2. Question: Now, here's the question to you, as students of the Bible as God's word, we just read the words from the Bible, and we discussed both Jesus' reaction and the rabbis' reaction to a literal reading of them. What do we make out of these words? How do we find meaning in them? Are we to take them literally? Do we ignore them? Or is there some truth in them that we are to interpret to deeper truths?
( a) For Jews, and in our own modern jurisprudence, it's a gauge for measuring the value of damage done to use to assess the monetary compensation owed the victim. This is close to the principle that we treat the victim fairly by providing relief in the nature of the injury and that the person who caused the injury take responsibility for that restoration. Thus, these principles form the basis for some of our best thinking in our current law and policy with respect to compensation of victims. It's a way of expressing a fundamental principle of justice, far better than leaving the resolution truly to vengeance where the meaner, the nastier, or the more powerful gets his way with whatever response he likes. Or that the victim goes without justice, or with inapt remedies.
b) As to Jesus' wisdom, there's so much there. Not to put Jesus into any sort of comparison, but it at least reminds me of the wisdom in the Talmud that we must find ways to go beyond the law in getting to shared solutions and then to peace, basically in how we treat each other. This is not to say we shouldn't have justice. There's that layer, but, not in opposition, and rather along with it, is a hope of peace and reconciliation that comes in certain ways from finding a way to sap the hostility that causes the injustice.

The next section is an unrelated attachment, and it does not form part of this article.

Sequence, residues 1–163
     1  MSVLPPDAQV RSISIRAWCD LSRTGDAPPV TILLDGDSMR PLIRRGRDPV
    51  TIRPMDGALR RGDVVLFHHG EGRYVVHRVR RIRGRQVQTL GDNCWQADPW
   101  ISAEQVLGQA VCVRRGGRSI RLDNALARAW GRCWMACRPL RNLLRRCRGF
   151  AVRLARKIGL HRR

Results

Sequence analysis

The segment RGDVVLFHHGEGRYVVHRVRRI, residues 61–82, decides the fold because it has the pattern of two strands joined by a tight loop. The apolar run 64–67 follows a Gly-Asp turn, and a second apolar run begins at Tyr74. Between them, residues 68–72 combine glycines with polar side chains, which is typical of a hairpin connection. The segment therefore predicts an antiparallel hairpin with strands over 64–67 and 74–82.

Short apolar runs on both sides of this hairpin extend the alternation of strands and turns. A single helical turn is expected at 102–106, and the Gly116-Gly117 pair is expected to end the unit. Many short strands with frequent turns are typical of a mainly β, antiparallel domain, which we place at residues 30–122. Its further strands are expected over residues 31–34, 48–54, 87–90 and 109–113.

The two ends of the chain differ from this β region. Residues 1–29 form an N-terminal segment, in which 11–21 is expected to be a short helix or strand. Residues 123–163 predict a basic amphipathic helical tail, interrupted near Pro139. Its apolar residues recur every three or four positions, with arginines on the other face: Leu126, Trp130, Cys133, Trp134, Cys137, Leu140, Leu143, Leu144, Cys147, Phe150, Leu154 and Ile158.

One pearl of which this resonates in the Talmud: if your neighbor treats you like an ass, put a saddle on your back. A wonderful discussion for another day - that there is another layer of truth beneath that of justice, where like for like has also to do with getting to love, mercy, and peace.)
III. We now arrive at stuff that may seem a bit more mundane, but I want to make the case that the mundane is important! For in the mundane is how we live with each other a lot in the day-to-day, how fair we are to each other, how we care for each other. All of this is very much God's concern, I want to suggest.
Let me read several of these mitzvot to you and ask a few questions:
1. If a man steals an ox, he must pay back five oxen. If a man steals a sheep, he must pay back four sheep. 21:37. If you want to get into why 4 or 5, do so, but why the multiplied penalty?
(a penalty, to reimburse the victim for pain, loss, and trouble, to be a disincentive to theft, etc.)
2. If one lets one's livestock on to another's property and it does damage, one is liable for the choicest crops. But if a fire spreads from one's property to thorns and then to destroy grain of a variety of sorts, plain restitution is required. 22:4-5. How would you explain the difference in the penalty?
(There is greater culpability when the damage is more likely to be foreseeable and less likely accidental.)
3. A person who is paid to take care of another's property has a higher duty to re-pay than one who is holding it without being paid, if the property is stolen. 22:6-7. Fair or not?
(I think fair because presumably part of the fee is to pay for the cost of keeping it protected from theft, among other things.)